Christine V Hawkes

Associate Professor
Department of Integrative Biology

Plant-microbe interactions, community ecology, ecosystem ecology


Phone: 512-475-6479

Office Location
PAT 524

Postal Address
The University of Texas at Austin
Department of Integrative Biology, College of Natural Sciences
2415 Speedway
Austin, TX 78712

B.A., Bucknell University, Lewisburg, PA (1993)
Ph.D., University of Pennsylvania, Philadelphia, PA (2000)
The Nature Conservancy Smith Postdoctoral Fellow (2000 - 2002)
NSF Postdoctoral Fellow in Microbial Biology, University of California at Berkeley and University of York, UK (2003 - 2004)

Research Summary:
Research in the Hawkes Lab is focused on a mechanistic understanding of how plant-microbe interactions affect community and ecosystem processes. We explore how these relationships are influenced by alterations in climate, species invasions, and land use. This research is highly integrative and relies on a wide range of techniques, including DNA-based microbial community analyses, stable isotope biogeochemistry, and large-scale field manipulations.

2016 Kivlin SN, Hawkes CV Tree species, spatial heterogeneity, and seasonality drive soil fungal abundance, richness, and composition in Neotropical rainforests. Environmental Microbiology DOI: 10.1111/1462-2920.13342 

2016 Kivlin SN, Hawkes CV Temporal and spatial variation of bacteria richness, composition, and function in a Neotropical rainforest. PLoS One 11: e0159131

2016 Averill C, Hawkes CV Ectomycorrhizal fungi slow soil carbon cycling. Ecology Letters 19: 937-947 

2016 Averill C, Waring B, Hawkes CV Historical precipitation predictably alters the shape and magnitude of functional responses to soil moisture. Global Change Biology 22: 1957-1964

2016 Giauque H, Hawkes CV. Temporal and spatial variation in endophytic fungal symbionts. Fungal Ecology 20: 108-114

2016 Sikes B, Hawkes CV, Fukami T. Plant and root-endophyte assembly history: interactive effects on native and exotic plants. Ecology 97: 484-493

2016 Kim SM, Williams A, Kiniry JR, Hawkes CV Simulating diverse native C4 perennial grasses with varying rainfall. J Arid Environments 134: 97-103 

2015 Hawkes CV, Keitt TH. Resilience vs. historical contingency in microbial responses to climate change. Ecology Letters 18: 612-625

2015 Averill C, Rousk J, Hawkes CV. Microbial-mediated redistribution of ecosystem nitrogen cycling can delay progressive nitrogen limitation. Biogeochemistry, 126: 11-23

2015 Waring B, Hawkes CV. Short-term precipitation exclusion alters microbial responses to soil moisture in a wet tropical forest. Microbial Ecology, 69: 843-854 

2014 Glinka CG, Hawkes CV. Environmental controls on fungal community composition and abundance over three years in native and degraded shrublands. Microbial Ecology, 68: 807-817 

2014 Standish RJ, Hobbs RJ, Mayfield M, Bestelmeyer BT, Suding KN, Battaglia LL, Eviner V, Hawkes CV, Temperton VM, Cramer VA, Harris JA, Funk JL, Thomas PA. Resilience in ecology: abstraction, distraction, or where the action is? Biological Conservation 177: 43-51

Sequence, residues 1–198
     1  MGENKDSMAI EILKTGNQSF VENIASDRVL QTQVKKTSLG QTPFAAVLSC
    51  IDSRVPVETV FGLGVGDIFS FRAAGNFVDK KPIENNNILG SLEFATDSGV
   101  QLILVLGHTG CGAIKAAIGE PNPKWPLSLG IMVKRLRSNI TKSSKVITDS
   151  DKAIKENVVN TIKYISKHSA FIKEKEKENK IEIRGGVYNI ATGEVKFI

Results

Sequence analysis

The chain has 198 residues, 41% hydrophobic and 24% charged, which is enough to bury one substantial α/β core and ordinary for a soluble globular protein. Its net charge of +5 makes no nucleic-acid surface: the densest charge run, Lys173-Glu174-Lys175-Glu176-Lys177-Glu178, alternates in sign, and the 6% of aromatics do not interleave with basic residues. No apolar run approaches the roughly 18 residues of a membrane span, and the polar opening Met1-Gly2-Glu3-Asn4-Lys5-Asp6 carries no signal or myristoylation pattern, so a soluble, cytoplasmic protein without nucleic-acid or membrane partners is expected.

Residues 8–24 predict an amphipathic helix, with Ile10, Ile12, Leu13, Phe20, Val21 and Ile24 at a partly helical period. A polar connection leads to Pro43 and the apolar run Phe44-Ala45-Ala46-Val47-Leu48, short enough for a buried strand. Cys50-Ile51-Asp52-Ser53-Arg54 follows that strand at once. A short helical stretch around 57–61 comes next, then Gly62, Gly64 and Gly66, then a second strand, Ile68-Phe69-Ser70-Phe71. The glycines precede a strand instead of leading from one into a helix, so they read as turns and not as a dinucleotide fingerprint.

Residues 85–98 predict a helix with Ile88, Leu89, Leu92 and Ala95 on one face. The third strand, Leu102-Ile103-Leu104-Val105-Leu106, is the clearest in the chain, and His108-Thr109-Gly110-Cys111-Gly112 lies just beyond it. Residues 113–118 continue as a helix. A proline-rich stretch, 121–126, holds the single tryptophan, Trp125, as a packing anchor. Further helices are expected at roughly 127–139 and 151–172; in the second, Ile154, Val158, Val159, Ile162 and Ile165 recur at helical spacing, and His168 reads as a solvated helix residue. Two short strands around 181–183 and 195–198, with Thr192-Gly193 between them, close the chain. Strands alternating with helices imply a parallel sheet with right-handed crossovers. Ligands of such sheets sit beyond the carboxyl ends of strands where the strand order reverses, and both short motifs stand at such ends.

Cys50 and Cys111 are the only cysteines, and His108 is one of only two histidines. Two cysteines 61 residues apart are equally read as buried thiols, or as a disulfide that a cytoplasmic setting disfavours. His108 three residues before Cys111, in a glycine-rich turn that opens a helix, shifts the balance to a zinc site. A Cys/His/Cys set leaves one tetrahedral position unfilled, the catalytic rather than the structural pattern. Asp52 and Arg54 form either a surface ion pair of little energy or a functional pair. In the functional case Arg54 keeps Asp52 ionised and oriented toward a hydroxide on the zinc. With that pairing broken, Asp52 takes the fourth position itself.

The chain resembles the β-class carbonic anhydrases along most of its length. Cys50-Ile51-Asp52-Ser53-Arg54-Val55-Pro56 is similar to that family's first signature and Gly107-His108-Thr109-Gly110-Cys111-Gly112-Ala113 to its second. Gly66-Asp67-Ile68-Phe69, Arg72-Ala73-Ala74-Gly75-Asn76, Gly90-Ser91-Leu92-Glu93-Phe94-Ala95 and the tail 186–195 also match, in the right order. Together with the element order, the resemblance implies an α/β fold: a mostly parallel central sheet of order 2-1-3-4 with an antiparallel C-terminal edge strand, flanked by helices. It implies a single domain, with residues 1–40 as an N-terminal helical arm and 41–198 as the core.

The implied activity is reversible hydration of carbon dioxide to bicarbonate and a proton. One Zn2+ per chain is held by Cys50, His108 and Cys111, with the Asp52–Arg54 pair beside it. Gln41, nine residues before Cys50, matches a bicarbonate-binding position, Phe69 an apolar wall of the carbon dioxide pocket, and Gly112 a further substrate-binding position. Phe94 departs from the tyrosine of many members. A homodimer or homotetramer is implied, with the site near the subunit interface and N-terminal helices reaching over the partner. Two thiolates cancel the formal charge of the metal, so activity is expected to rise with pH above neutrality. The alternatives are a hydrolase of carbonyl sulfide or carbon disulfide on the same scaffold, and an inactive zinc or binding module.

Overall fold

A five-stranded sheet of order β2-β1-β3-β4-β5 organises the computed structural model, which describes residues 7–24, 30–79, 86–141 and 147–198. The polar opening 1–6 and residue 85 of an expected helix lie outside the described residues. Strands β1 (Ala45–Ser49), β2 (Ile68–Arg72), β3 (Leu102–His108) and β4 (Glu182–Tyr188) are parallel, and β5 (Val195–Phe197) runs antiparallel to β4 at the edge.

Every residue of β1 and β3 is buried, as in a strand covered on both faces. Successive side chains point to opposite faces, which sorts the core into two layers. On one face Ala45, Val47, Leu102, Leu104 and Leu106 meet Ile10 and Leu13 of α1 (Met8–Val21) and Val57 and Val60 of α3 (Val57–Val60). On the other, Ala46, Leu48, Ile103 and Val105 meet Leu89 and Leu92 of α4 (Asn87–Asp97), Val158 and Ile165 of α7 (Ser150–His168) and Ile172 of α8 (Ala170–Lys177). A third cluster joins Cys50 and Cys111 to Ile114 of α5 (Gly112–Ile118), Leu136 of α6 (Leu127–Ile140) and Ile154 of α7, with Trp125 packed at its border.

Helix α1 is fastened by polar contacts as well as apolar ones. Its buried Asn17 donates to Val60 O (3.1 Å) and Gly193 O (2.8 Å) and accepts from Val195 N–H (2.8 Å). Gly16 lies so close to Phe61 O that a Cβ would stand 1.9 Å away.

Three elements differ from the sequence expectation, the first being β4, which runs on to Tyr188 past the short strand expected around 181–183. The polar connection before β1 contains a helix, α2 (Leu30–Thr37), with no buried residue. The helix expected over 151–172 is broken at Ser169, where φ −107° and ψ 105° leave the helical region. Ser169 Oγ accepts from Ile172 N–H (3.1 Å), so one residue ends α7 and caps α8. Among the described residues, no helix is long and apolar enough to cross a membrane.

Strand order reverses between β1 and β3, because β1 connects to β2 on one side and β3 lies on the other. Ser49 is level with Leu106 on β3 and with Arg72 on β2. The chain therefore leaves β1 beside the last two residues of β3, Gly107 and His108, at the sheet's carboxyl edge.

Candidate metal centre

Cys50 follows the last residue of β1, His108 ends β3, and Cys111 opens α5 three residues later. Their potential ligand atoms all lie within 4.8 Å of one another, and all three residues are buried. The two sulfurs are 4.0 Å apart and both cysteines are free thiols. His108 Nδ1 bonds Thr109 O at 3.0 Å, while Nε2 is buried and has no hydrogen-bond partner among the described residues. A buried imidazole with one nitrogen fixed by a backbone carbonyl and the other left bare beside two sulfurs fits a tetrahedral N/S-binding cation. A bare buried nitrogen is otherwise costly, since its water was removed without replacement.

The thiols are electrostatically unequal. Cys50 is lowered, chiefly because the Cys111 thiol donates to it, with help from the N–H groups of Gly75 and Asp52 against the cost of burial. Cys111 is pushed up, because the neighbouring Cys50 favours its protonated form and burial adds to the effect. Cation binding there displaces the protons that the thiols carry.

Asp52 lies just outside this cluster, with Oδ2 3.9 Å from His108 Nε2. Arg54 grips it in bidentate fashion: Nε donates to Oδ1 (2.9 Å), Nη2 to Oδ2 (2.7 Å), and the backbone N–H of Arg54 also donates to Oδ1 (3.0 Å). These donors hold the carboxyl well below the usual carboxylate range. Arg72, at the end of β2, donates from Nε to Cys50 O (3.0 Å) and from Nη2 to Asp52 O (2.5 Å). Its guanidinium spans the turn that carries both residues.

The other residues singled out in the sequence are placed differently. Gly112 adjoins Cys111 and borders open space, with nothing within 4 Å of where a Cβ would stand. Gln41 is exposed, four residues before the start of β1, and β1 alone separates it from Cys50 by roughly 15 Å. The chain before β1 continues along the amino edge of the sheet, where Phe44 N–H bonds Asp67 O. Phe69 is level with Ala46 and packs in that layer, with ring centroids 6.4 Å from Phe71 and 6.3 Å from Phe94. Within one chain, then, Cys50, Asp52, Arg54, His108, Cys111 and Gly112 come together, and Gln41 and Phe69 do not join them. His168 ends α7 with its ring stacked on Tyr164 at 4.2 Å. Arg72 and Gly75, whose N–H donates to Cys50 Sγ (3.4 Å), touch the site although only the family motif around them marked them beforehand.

2013 Giauque H, Hawkes CV. Symbiotic fungal endophytes can affect plant responses to climate change, American Journal Botany 100: 1435-1444

2013 Waring BG, Averill C, Hawkes CV, Differences in fungal and bacterial physiology alter soil C and N cycling: insights from meta-analysis and theoretical models, Ecology Letters 16: 887-894

2013 Hawkes CV, Kivlin SN, Du J, Eviner VT. The temporal development and additivity of plant-soil feedback in perennial grasses. Plant and Soil 369: 141-150 

2013 Kardol P, DeDeyn GB, Laliberte E, Mariotte P, Hawkes CV. Biotic plant-soil feedback across temporal scales. J Ecology 101: 309-315

2013 Hamman ST, CV Hawkes. Biogeochemical and microbial legacies of invasive grasses affect restoration success, Restoration Ecology 21: 58-66

2013 Aspinwall MJ, Lowry DB, Taylor SH, Juenger TE, Hawkes CV, Johnson M-V, Kiniry JR, Fay PA. Genotypic variation in traits linked to climate and aboveground productivity in a widespread C4 grass: evidence for a functional trait syndrome. New Phytologist 199: 966-980

2011 Kivlin SN, CV Hawkes, KK Treseder. Global diversity and distribution of arbuscular mycorrhizal fungi, Soil Biology and Biochemistry 43: 2294-2303

2011 Treseder KK, SN Kivlin, CV Hawkes. Evolutionary trade-offs among decomposers determine responses to nitrogen enrichment, Ecology Letters 14: 933-938

2011 Hawkes CV, SN Kivlin, J Rocca, V Huguet, MA Thomsen, KB Suttle. Fungal community responses to precipitation, Global Change Biology 17: 1637-1645

2011 Kivlin SN, Hawkes CV. Differentiating between effects of invasion and diversity: impacts of aboveground plant communities on belowground fungal communities, New Phytologist 189: 526-535

2010 Hausmann NT, Hawkes CV. Order of plant host establishment alters the composition of arbuscular mycorrhizal communities., Ecology 8: 2333-2343

2009 Hausmann NT, Hawkes CV, Plant neighborhood control of arbuscular mycorrhizal communities, New Phytologist 183: 1188-1200

2008 Eviner VE, Hawkes CV. Embracing variability in the application of plant-soil interactions to the restoration of communities and ecosystems, Restoration Ecology 16: 713-729

2008 Hawkes CV, Hartley IP, Ineson P, Fitter AH. Soil temperature affects carbon allocation within arbuscular mycorrhizal networks and carbon transport from plant to fungus, Global Change Biology 14: 1181-1190

2007 Hawkes CV. Are invaders moving targets? The generality and persistence of advantages in size, reproduction, and enemy release in invasive species with time since introduction, The American Naturalist 170: 832-843

Graduate students:

Hannah Giauque

Gabriel Miller

Elise Worchel